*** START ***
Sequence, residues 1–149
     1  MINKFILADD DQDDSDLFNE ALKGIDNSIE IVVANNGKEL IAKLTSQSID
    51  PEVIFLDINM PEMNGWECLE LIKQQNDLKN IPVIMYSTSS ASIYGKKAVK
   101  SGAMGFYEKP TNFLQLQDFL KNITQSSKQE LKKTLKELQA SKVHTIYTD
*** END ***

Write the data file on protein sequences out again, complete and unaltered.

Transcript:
Sequence, residues 1–149
     1  MINKFILADD DQDDSDLFNE ALKGIDNSIE IVVANNGKEL IAKLTSQSID
    51  PEVIFLDINM PEMNGWECLE LIKQQNDLKN IPVIMYSTSS ASIYGKKAVK
   101  SGAMGFYEKP TNFLQLQDFL KNITQSSKQE LKKTLKELQA SKVHTIYTD